In the latest HBO documentary, Glickman, about revered sportscaster Marty Glickman premiering tonight at 9pm, director James Freedman seems intent on paying homage to his subject’s humanity just as much as his legendary resume of work. The first athlete turned play-by-play commentator, Glickman, who passed away in 2001, became a pioneer for sportscasters, calling everything from basketball and football at the professional level to the trotters at Yonkers raceway and inspiring listeners and future broadcasters, notably many who came through the halls at WFUV. But he was much more: a proud member and beacon of the Jewish community and a firm believer in sports’ ability to connect and transcend intolerance at any level.
Born in the Bronx to Jewish immigrants and later raised in Brooklyn, Glickman --dubbed the “Flatbush Flash,”-- inherited an incredible pair of legs, letting him outrun his neighborhood challengers and eventually Olympic-bred athletes. He was a track and football standout at James Madison High School and headed to Syracuse University, honing his skills to eventually become eligible for the 1936 Berlin Olympics. But what a strong portion of the documentary focuses on is the fact that, as a Jewish member of the 400 meter relay for team USA, he never actually competed. Glickman, through archival footage, remembered seeing Adolf Hitler in the stands, remembered being addressed by coaches that Jesse Owens and Ralph Metcalf would replace him and the other Jewish sprinter Sam Stoller. He remembered and experienced anti-Semitism for much of his whole life.
Despite religious prejudice, Glickman continued to run and play football after graduating from Syracuse, eventually landing a spot with the minor league Jersey City Giants. He may have been a superhero figure to the Jewish kids in Brooklyn, but physically he was only 5’8” and 160 pounds as a running back. He’d play on the weekends, work day jobs to earn money, and then would stay late nights at WHN/MGM, eventually becoming the voice of “Today’s Baseball,” in which he would gloriously re-enact the calls from the games earlier in the day. He had such a radio presence that fans started closing their eyes and ears to the afternoon scores to wait for Glickman to spout them out that night.
At WHN he soon became the voice of the New York Knicks and would serve 21 years there. Basketball wasn’t a sport broadcasters were eager to call. It hadn’t ever effectively been done. The ball moved too fast and so did the players. No one had invented a vernacular for the game until Glickman began painting the listener’s canvas. Freedman interviews an array of broadcasters and entertainers from Larry King to Jerry Stiller and they all revel in his ability to create vocabulary for markings and positions on the court. As NBA announcer and Fordham University graduate Mike Breen describes, “his voice was attached to the ball.”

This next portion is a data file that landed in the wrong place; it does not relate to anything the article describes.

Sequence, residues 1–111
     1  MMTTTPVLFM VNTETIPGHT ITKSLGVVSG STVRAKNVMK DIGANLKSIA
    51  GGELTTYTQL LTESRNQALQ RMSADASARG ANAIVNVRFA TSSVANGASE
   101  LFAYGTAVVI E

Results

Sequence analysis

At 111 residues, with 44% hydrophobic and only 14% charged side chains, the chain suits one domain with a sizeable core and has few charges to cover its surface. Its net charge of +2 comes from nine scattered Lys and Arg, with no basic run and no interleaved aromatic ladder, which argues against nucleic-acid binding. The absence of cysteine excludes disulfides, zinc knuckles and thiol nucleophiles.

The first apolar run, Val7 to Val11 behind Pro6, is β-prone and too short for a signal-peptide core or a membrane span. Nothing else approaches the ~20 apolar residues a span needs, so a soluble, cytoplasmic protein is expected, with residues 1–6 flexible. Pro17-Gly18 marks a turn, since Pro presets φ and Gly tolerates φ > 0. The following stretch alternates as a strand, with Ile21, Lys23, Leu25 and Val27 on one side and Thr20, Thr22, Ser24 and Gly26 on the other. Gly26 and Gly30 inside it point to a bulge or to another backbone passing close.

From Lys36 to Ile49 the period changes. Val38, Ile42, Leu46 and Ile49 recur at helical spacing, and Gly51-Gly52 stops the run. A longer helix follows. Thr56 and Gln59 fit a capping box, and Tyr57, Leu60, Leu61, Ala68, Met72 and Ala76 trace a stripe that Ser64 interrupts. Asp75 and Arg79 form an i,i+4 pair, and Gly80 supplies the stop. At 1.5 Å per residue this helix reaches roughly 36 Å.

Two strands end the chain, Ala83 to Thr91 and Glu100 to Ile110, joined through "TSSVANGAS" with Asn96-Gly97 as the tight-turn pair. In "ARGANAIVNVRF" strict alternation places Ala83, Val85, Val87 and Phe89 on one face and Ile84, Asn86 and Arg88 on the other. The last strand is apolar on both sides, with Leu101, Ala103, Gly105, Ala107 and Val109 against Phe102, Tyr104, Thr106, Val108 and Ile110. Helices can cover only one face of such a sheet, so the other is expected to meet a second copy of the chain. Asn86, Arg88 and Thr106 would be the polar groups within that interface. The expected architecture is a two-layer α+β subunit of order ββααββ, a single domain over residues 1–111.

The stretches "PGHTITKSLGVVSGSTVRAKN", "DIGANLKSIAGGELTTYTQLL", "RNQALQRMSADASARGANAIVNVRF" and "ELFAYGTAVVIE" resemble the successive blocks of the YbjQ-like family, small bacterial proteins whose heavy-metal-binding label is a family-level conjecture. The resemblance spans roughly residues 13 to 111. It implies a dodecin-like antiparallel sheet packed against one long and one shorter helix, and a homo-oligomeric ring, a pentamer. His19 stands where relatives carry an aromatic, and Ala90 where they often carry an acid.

When King went to his first Knick game, he already knew what the court looked like thanks to Glickman. Marty even originated the phrase now omnipresent in the game, symbolic of a perfect shot.
The film is chronological, but Freedman is wary of when to converge past and present. An effective aside pits a Glickman NBA sound bite against those of his protégés Marv Albert and Mike Breen. “Top of the key, down the lane, into the corner, dribble in the right hand, passes near baseline, FOUL!” It rattles off each of them in similar succinct and articulate fashion. If anything, Marty’s legacy can at once be defined by his archived voice and through the broadcasters that he mentored, continuing to refine and individuate his guiding tenor and rhythm.
He later migrated to WNEW to broadcast New York Giants football games with Al DeRogatis and then jumped ship to WOR to be the Jets radio play by play. His time in football’s spotlight earned him considerable acclaim, becoming the reason to tune into games Sunday. In the best, most effective sequence of the film, Freedman allows us to listen like fans in the 1960s and 70s did, playing Glickman’s voice over shots of flocks of people, huddled around transistor radios in New York City. So jaded in a time of highlights and high definition, for those that remember him, Glickman created color TV for thousands who switched on the dial.
Glickman would later assist HBO with hours of sports programming and features. But something rarely brought up in the film, but one that will surely cross your mind, is just how much Glickman worked. He had a large family, but Glickman emphasizes his public life more than his private. He never stopped. If he wasn’t calling a professional game, he was calling one at a local high school. Nothing was beneath him, not even a game of marbles (seriously).
After speaking his last words into the microphone on December 26, 1992, he continued to mentor students at WFUV. His life was describing, analyzing, and connecting. It was also giving. In one scene, he recalls returning to Berlin’s Olympic Stadium for the first time since he had marched the opening ceremony and was eventually told he’d never compete there. There he let out a roar of anger, and was later surprised it had been pent up for so long.
I’m sure, with his outstanding ability, even that cathartic scream could have painted a replica of that fateful day in 1936.